Quantitative interviews are similar to qualitative interviews in that they involve some researcher/respondent interaction. But the process of conducting and analyzing findings from quantitative interviews also differs in several ways from that of qualitative interviews. Each approach also comes with its own unique set of strengths and weaknesses. We’ll explore those differences here.
Much of what we learned in the previous chapter on survey research applies to quantitative interviews as well. In fact, quantitative interviews are sometimes referred to as survey interviews because they resemble survey-style question-and-answer formats. They might also be called standardized interviews. The difference between surveys and standardized interviews is that questions and answer options are read to respondents rather than having respondents complete a questionnaire on their own. As with questionnaires, the questions posed in a standardized interview tend to be closed ended.See Chapter 8 for the definition of closed ended.There are instances in which a quantitative interviewer might pose a few open-ended questions as well. In these cases, the coding process works somewhat differently than coding in-depth interview data. We’ll describe this process in the following subsection.
In quantitative interviews, an interview schedule is used to guide the researcher as he or she poses questions and answer options to respondents. An interview schedule is usually more rigid than an interview guide. It contains the list of questions and answer options that the researcher will read to respondents. Whereas qualitative researchers emphasize respondents’ roles in helping to determine how an interview progresses, in a quantitative interview, consistency in the way that questions and answer options are presented is very important. The aim is to pose every question-and-answer option in the very same way to every respondent. This is done to minimize interviewer effect, or possible changes in the way an interviewee responds based on how or when questions and answer options are presented by the interviewer.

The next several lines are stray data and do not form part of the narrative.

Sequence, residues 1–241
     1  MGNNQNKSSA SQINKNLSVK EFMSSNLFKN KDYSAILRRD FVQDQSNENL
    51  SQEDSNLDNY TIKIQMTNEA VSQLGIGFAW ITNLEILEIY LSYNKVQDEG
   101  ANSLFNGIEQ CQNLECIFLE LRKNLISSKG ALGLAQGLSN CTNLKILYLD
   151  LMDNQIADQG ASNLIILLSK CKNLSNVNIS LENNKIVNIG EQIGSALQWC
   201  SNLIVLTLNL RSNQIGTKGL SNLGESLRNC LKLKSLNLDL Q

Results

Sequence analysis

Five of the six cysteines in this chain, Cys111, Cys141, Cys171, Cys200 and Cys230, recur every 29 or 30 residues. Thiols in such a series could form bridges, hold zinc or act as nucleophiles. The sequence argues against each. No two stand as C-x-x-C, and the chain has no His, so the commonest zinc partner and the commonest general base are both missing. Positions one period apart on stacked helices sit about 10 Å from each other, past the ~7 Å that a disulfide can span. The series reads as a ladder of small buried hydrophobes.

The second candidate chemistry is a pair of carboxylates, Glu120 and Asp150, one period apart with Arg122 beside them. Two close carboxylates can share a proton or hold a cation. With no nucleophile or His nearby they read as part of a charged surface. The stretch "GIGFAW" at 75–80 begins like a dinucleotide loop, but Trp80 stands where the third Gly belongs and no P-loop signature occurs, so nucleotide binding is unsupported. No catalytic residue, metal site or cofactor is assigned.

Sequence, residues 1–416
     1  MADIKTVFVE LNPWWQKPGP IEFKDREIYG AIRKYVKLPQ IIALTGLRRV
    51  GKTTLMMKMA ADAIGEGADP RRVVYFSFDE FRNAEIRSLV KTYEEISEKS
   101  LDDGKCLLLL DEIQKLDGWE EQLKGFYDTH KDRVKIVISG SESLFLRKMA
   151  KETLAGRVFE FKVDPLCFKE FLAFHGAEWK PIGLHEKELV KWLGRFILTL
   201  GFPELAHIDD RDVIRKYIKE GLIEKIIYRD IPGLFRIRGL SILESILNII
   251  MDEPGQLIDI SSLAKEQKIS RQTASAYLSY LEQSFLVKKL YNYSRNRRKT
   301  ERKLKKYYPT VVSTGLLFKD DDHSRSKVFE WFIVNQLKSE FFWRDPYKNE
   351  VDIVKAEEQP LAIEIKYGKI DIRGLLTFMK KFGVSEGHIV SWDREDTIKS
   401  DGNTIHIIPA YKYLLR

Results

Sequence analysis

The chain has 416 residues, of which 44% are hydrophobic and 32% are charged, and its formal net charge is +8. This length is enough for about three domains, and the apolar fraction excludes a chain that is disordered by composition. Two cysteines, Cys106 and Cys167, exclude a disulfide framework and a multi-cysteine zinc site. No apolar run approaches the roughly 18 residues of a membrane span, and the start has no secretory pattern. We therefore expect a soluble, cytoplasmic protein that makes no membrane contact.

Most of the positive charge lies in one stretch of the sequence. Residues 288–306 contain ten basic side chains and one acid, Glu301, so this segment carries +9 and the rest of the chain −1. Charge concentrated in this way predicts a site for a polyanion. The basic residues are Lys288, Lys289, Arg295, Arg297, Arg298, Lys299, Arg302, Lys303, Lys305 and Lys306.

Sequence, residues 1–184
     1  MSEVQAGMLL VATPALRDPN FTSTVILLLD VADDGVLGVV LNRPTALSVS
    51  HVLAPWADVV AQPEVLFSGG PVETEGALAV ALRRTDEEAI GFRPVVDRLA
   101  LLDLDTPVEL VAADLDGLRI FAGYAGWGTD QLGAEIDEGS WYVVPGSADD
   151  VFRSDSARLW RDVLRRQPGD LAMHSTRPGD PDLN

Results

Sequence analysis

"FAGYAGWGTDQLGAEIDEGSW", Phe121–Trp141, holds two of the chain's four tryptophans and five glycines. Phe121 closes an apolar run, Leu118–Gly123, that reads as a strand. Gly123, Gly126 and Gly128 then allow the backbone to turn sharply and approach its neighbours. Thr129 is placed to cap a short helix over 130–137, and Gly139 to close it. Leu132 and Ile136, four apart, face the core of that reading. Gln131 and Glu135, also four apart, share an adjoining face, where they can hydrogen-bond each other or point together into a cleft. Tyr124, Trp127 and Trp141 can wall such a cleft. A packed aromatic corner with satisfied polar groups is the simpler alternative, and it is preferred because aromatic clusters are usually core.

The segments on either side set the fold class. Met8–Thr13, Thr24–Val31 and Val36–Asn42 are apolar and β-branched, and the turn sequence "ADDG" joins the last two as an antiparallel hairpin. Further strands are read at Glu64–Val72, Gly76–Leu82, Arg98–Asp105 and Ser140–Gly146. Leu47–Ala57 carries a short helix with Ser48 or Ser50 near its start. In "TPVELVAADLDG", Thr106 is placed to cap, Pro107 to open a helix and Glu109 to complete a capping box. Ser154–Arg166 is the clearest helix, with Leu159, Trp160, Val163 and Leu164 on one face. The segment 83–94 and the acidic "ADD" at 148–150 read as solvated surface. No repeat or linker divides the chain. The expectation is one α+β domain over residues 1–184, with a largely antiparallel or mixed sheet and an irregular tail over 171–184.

Quantitative interviews may be recorded, but because questions tend to be closed ended, taking notes during the interview is less disruptive than it can be during a qualitative interview. If a quantitative interview contains open-ended questions, however, recording the interview is advised. It may also be helpful to record quantitative interviews if a researcher wishes to assess possible interview effect. Noticeable differences in responses might be more attributable to interviewer effect than to any real respondent differences. Having a recording of the interview can help a researcher make such determinations.
Quantitative interviewers are usually more concerned with gathering data from a large, representative sample. As you might imagine, collecting data from many people via interviews can be quite laborious. Technological advances in telephone interviewing procedures can assist quantitative interviewers in this process. One concern about telephone interviewing is that fewer and fewer people list their telephone numbers these days, but random digit dialing (RDD) takes care of this problem. RDD programs dial randomly generated phone numbers for researchers conducting phone interviews. This means that unlisted numbers are as likely to be included in a sample as listed numbers (though, having used this software for quantitative interviewing myself, I will add that folks with unlisted numbers are not always very pleased to receive calls from unknown researchers). Computer-assisted telephone interviewing (CATI) programs have also been developed to assist quantitative survey researchers. These programs allow an interviewer to enter responses directly into a computer as they are provided, thus saving hours of time that would otherwise have to be spent entering data into an analysis program by hand.